End-User-Driven Approach for Regulatory Compliance in the Public Cloud

End-User-Driven Approach for Regulatory Compliance in the Public Cloud

Jitendra Singh (Dyal Singh Evening College, University of Delhi, India) and Vikas Kumar (Chaudhary Bansi Lal University, India)
DOI: 10.4018/IJSSMET.2021050101
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Regulatory compliance is equally binding on small and medium business groups. Owing to the small scale and limited budget, such SMBs are unable to seek expert advice. To adequately guard the SMBs in regulatory compliance, the present work proposed a third-party managed-end user-driven approach that renders the list of regulatory acts applicable in one's case according to the country of one's residence, services subscribed, and type of the operations to be carried out in subscribed cloud paradigm. The list of applicable regulatory acts are rendered at the subscriber's end only. In addition, the proposed method notifies the present state of compliance of under-considered cloud providers. Based on the recommendation received, the subscriber can proceed with his decision to subscribe or not to subscribe in the event if desired compliances do not exist. This technological assistance will eliminate the need to possess the required knowledge in regulatory acts or seeking advice from the regulatory expert.
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Cloud computing is transforming the way Information technology (IT) resources are procured and used. Under the legacy based system, one needs to undergo the lengthy procurement procedure in order to purchase the IT infrastructure. In the era of recession and budgetary constraint, frequent purchases of IT resources were hampered (Singh, 2017). This rendered the enterprises to stay out of date with advanced and powerful technology. In addition, complying with the Murphy’s Law, IT resources procured get obsolete in the span of three to five years.

Due to limitation of fund and skilled resources, maintaining expensive resources and their updating is immensely challenging for start-up and SME. To transform the upfront cost into operation cost, cloud computing, a utility based model has evolved (Buyya, Yeo, Venugopal, Broberg, & Brandic, 2009). Accordingly, in cloud computing, resources are not to be maintained and managed by the subscriber, instead by the cloud provider (Singh, 2016). Cloud provider updates the resources at a single point that is at data centre site. Subscribers only pay for the resources subscribed and the duration of resource(s) utilized (Singh, Bhisikar, & Singh, 2013).

To precisely describe the cloud, several definitions of cloud computing exist (Buyya, Yeo, Venugopal, Broberg, & Brandic, 2009; Singh, Bhisikar, & Singh, 2013). However, the one widely accepted is proposed by National Institute of Standards and Technology (NIST) in its draft SP-800-145 and SP- 800-146 (Mell & Grance, 2011). According to the NIST, cloud computing is comprises of three deployment models namely, Private cloud, Public cloud, Hybrid cloud and Community Cloud. Each of them are offering three popular types of services namely Infrastructure as a Service (IaaS), Platform as a Service (PaaS), Software as a Service (SaaS) (Mell & Grance, 2011). Wide variety of devices that include Desktop, Laptop, and Tablets etc. can be used to access the cloud resources (Rittinghouse & Ransome, 2016). Measuring the duration and amount of resources utilized is the other striking capability of cloud computing that distinguishes it from legacy based system.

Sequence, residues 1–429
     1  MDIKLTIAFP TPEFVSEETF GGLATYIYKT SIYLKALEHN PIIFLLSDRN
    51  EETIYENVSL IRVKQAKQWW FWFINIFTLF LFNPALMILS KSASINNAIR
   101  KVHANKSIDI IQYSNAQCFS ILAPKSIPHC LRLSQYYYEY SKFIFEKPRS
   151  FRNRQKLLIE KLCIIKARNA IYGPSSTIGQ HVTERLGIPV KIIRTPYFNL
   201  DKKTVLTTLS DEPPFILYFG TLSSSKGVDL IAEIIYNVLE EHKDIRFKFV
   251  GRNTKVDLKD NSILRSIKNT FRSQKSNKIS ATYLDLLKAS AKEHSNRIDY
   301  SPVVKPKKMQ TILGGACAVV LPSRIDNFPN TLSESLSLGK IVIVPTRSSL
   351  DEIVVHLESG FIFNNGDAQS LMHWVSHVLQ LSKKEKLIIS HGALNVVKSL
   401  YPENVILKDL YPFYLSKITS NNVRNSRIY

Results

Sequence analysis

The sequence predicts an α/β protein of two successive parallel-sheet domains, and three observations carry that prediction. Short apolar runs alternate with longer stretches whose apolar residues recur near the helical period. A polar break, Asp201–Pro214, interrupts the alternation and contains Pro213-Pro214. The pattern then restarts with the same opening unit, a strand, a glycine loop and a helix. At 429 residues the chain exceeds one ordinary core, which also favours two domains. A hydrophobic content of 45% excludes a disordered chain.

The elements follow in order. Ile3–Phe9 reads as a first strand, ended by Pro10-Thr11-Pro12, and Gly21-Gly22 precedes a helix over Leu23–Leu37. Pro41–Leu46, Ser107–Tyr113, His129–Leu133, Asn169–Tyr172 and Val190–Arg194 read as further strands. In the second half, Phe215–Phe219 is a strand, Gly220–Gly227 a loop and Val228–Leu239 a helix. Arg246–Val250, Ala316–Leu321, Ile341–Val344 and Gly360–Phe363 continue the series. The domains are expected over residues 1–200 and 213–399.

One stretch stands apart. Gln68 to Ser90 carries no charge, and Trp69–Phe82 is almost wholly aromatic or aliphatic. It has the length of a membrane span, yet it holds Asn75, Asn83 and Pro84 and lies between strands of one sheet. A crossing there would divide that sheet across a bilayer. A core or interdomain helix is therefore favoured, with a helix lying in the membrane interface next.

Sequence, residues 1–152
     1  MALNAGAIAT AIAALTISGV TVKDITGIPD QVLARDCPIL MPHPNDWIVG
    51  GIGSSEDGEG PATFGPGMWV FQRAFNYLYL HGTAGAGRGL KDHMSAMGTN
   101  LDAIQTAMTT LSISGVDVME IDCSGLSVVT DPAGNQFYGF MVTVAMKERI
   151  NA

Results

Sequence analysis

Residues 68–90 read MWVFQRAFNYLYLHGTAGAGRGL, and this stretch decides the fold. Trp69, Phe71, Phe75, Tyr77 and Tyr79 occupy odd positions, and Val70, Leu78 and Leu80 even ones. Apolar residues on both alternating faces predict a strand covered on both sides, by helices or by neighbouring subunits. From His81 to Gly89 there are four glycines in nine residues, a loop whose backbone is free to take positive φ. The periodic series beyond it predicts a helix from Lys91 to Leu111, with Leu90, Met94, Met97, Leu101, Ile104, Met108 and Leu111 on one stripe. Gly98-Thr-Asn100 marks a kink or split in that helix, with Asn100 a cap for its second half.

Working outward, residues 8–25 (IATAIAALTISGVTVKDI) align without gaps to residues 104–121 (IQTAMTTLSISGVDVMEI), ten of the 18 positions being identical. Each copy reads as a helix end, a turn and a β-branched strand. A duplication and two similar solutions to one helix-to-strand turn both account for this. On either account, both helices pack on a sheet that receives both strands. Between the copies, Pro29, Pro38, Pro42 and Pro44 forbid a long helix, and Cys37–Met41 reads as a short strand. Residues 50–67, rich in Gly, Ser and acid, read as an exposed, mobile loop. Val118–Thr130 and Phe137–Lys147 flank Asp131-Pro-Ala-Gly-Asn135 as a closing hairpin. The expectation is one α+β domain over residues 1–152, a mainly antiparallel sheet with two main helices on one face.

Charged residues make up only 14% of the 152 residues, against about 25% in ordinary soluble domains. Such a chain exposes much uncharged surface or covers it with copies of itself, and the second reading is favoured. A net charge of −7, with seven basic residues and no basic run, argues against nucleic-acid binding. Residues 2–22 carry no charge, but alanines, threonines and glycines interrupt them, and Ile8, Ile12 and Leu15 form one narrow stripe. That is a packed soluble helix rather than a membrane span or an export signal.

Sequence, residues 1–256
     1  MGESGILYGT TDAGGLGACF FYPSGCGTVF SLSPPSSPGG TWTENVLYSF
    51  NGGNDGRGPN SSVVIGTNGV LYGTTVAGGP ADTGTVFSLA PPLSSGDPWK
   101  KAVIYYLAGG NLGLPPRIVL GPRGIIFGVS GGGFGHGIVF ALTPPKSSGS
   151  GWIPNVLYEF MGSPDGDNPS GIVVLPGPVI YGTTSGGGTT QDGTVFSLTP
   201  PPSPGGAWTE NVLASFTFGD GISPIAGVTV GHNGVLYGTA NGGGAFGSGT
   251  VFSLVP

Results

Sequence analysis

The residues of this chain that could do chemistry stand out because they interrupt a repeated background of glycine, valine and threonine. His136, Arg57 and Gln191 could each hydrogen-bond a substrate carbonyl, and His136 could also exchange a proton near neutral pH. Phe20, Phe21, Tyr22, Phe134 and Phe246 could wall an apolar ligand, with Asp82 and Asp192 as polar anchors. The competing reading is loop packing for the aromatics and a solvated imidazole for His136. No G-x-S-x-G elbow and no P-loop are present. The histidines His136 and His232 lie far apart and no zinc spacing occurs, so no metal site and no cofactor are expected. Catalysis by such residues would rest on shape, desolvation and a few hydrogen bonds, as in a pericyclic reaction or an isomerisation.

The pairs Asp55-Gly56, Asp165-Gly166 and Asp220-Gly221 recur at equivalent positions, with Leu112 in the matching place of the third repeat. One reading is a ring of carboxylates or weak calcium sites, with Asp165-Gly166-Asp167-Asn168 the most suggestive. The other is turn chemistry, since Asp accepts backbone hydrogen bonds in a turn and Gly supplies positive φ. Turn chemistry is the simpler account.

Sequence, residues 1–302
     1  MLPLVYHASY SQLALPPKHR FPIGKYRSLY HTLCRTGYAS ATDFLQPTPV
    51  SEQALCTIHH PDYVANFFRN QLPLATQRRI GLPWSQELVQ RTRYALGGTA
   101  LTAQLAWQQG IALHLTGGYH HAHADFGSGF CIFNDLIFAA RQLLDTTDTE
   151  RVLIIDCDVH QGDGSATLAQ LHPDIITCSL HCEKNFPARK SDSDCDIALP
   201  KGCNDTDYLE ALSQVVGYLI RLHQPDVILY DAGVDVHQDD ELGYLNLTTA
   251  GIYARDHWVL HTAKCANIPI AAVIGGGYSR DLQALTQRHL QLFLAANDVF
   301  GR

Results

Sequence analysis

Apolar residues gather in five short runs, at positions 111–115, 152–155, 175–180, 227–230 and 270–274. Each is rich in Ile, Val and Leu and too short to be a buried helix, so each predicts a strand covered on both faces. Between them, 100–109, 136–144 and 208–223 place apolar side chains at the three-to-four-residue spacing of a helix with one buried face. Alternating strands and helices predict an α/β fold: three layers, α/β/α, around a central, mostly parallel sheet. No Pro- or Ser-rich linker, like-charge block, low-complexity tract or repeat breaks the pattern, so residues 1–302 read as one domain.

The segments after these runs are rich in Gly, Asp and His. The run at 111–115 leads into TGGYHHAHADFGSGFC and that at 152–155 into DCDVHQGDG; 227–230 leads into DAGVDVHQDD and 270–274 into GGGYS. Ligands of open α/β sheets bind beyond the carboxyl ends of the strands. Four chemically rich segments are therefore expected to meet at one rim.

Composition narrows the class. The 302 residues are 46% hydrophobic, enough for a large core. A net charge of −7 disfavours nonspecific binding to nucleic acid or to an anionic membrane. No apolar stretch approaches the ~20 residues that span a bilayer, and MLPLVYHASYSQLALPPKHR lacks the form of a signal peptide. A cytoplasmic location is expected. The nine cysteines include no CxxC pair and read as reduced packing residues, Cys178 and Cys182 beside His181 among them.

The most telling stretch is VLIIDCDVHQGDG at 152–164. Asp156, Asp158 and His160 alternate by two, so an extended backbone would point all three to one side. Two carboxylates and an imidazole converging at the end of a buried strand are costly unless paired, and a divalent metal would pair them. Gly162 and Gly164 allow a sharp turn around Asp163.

In order to reach at present state, several dominating paradigm is being leveraged by cloud paradigm that includes distributed system, Service oriented architecture, Grid computing, Web 3.0 etc. During the cloud’s journey from infancy towards the maturity, several noteworthy contributions have been surfaced that are immensely related to cloud based security, privacy and audit (Khan, 2016; Ferris, 2015; Singh & Raghuvanshi, 2017; Alkhater, Walters, & Wills, 2018).

Security in cloud computing is acting as a key hindrance to its exponential growth (Ali, Khan, & Vasilakos, 2015; Toosi, Calheiros, & Buyya, 2014). Subscribers remain apprehensive related to the data’s security that is stored away from their country of residence, at the same time they do not hold any control over it (Alkhater, Walters, & Wills, 2018; Yimam & Fernandez, 2016). In order to protect the subscriber’s interest, a number of regulations and standards have been evolved and same need to be complied by the cloud providers (Bracci, Corradi, & Foschini, 2014; Jaeger, Lin, & Grimes, 2008). In order to acquaint the user with the regulations and standards complied by the cloud provider, a dedicated web page endorsing compliance(s) is included at cloud providers web site. By undergoing the web page, one can learn the certification and compliance by under-considered cloud provider. This helps the subscribers to decide the appropriate type of cloud that is well suited to their need of regulatory compliance.

Cloud user base according to business size are:

  • Micro business subscribers

  • Small business subscriber

  • Medium business subscriber

  • Large enterprise subscribers

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